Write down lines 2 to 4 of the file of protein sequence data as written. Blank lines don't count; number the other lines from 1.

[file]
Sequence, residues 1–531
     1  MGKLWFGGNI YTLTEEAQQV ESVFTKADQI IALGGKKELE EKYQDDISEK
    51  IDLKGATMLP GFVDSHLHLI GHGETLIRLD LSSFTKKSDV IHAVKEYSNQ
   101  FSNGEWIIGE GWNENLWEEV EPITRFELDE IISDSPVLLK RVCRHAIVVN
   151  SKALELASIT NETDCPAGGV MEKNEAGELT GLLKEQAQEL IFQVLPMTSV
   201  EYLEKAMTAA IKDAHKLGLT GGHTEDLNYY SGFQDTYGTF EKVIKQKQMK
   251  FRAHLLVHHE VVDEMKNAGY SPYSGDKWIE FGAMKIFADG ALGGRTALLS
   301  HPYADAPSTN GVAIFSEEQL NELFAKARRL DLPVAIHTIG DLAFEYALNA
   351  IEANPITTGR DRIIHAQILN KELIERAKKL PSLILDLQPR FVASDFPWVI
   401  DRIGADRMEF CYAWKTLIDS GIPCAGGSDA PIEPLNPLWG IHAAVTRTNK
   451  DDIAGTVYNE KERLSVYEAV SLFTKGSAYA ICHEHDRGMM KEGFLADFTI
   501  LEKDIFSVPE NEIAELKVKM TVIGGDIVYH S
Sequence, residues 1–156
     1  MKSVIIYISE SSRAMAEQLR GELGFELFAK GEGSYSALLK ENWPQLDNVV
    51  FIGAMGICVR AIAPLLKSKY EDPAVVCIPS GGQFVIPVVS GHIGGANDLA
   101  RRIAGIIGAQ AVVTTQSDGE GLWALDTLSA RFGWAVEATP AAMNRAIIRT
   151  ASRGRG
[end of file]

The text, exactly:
     1  MGKLWFGGNI YTLTEEAQQV ESVFTKADQI IALGGKKELE EKYQDDISEK
    51  IDLKGATMLP GFVDSHLHLI GHGETLIRLD LSSFTKKSDV IHAVKEYSNQ
   101  FSNGEWIIGE GWNENLWEEV EPITRFELDE IISDSPVLLK RVCRHAIVVN